Synopsis by Hal Erickson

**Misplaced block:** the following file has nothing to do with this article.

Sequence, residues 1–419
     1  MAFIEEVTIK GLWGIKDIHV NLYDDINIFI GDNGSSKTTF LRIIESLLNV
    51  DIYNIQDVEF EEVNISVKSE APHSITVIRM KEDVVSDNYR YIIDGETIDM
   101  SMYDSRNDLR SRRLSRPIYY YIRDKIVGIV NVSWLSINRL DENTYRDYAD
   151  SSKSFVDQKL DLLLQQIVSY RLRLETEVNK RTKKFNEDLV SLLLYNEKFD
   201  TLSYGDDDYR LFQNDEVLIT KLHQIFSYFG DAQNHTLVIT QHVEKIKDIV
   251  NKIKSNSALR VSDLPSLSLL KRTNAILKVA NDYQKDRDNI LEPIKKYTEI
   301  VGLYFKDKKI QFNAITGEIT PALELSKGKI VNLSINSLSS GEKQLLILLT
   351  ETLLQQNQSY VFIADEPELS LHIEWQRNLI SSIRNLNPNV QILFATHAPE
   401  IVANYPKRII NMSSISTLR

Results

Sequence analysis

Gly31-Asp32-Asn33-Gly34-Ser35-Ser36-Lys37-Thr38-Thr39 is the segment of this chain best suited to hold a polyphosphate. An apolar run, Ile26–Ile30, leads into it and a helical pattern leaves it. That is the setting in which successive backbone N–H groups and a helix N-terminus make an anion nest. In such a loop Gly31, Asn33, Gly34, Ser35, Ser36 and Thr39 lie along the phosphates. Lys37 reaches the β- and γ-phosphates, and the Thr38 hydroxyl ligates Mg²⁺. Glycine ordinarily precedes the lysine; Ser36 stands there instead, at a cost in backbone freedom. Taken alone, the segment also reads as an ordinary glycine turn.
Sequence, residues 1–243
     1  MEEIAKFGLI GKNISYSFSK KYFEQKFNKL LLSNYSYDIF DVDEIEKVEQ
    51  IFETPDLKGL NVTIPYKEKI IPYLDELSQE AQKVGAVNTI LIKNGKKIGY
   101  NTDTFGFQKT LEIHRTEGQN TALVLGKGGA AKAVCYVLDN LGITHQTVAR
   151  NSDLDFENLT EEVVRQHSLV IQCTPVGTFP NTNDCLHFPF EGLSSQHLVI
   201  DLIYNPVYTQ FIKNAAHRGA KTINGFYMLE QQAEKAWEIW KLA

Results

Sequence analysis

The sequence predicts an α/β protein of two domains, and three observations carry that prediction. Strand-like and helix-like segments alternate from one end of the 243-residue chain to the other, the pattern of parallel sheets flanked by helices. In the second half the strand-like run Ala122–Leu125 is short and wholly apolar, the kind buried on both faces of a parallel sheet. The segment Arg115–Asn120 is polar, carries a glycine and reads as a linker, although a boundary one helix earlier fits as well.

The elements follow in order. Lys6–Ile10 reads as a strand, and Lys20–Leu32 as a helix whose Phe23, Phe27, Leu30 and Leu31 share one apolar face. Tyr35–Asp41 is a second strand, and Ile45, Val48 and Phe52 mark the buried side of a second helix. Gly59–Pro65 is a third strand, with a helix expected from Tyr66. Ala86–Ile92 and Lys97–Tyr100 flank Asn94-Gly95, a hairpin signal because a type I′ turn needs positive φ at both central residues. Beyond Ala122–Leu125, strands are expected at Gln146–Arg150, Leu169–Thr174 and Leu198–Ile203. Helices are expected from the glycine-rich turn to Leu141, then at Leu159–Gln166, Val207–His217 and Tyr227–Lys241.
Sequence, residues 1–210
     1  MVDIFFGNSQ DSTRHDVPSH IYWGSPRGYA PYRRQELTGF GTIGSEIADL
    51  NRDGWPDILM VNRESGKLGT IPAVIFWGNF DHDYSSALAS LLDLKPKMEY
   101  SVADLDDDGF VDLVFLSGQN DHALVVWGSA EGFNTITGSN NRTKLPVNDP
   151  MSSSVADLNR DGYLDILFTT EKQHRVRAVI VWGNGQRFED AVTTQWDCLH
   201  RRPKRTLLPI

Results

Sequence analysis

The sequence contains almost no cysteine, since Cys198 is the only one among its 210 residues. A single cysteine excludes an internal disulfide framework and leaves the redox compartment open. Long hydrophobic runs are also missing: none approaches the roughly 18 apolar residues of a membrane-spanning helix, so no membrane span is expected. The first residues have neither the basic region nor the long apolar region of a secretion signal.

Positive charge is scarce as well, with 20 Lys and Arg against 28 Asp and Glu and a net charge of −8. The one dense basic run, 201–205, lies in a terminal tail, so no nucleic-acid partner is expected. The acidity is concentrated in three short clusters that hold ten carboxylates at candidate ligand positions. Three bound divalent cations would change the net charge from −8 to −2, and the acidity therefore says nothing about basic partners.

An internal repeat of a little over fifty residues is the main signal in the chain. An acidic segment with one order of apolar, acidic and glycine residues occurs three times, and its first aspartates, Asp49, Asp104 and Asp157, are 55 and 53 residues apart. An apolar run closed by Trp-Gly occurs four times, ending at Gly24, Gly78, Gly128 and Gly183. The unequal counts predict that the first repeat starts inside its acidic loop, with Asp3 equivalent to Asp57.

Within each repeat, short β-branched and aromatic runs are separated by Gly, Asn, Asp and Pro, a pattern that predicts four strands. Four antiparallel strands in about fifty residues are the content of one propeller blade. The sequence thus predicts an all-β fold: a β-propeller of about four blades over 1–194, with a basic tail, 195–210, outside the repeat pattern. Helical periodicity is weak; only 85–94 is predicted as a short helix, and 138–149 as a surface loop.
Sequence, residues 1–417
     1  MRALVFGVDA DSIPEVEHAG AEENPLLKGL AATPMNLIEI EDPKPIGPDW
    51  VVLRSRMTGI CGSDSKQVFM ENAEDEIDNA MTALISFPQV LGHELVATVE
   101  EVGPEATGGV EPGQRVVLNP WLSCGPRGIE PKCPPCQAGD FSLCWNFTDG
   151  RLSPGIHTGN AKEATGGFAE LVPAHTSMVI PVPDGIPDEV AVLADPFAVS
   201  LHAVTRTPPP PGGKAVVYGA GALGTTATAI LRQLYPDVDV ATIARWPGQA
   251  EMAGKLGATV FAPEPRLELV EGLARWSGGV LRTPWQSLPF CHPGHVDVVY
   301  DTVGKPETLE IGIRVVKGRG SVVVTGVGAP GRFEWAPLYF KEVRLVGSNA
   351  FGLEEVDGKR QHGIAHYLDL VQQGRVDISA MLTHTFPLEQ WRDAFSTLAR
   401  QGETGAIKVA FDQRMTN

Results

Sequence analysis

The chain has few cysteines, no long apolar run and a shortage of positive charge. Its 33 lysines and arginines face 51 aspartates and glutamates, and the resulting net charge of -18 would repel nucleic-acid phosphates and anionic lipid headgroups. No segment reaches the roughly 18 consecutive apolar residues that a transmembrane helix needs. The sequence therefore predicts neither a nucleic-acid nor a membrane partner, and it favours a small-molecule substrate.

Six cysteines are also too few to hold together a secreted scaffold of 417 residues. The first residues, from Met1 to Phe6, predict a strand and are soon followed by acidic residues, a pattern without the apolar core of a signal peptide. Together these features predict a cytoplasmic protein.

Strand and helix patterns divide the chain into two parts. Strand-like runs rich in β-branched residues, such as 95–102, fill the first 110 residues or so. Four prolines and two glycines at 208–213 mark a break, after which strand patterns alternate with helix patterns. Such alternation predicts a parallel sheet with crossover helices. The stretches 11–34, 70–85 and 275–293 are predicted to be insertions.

One of the best of the pre-Production Code Bert Wheeler & Robert Woolsey vehicles, Peach O' Reno remains as hilariously ribald today as it was nearly 70 years ago. Wheeler and Woolsey play Wattles and Swift, a pair of Reno divorce attorneys whose practice is so successful that their clients have to take numbers to be served. When the working day is over, Wattles & Swift convert their law offices into a nightclub, with the secretaries shedding their street clothes to don skimpy dancing outfits and the junior lawyers transforming into waiters. The story is set in motion when Joe and Aggie Bruno (Joseph Cawthorn and Cora Witherspoon) decide to get a divorce after 20 years of marriage. Wattles agrees to represent Joe in court, while Swift agrees to handle Aggie's case -- a cute conflict of interest that will mean money in the bank for the partners no matter what the outcome. The Brunos' pretty daughters Prudence (Dorothy Lee) and Pansy (Zelma O'Neill) show up in Reno to prevent their parents' breakup, whereupon Wattles falls in love with Prudence and Swift is overcome (quite literally) by Pansy. As part of his legal strategy, Swift arranges for Joe to be seen in public with another woman, who turns out to be Wattles in drag. After several minutes of double- and single-entendre comedy patter, disgruntled ex-husband Ace Crosby (Mitchell Harris), angry over the outcome of his divorce case, comes gunning for Wattles. The latter, still in female disguise, manages to keep Crosby at bay, but soon the ruse is revealed and the shootin' starts. The whole affair ends in up court, where the Brunos' divorce develops into a huge media event, with radio announcer Eddie Kane providing play-by-play and concessionaire Monte Collins hawking peanuts to the spectators. With the help of a melancholy violin rendition of "Hearts and Flowers" Wattles and Swift manage to reunite the warring couple. At this point, the Judge (Sam Hardy) instruct the jurors -- armed with musical instruments -- to "get hot," as he performs a double wedding ceremony, marrying Wattles to Prudence and Swift to Pansy. The musical highlights include a priceless Wheeler-Woolsey terpsichorean number which starts as a sultry tango and ends as an wild Apache dance, and Bert Wheeler and Dorothy Lee's delightful Niagara Falls to Reno, showing off the tapping skills of both performers.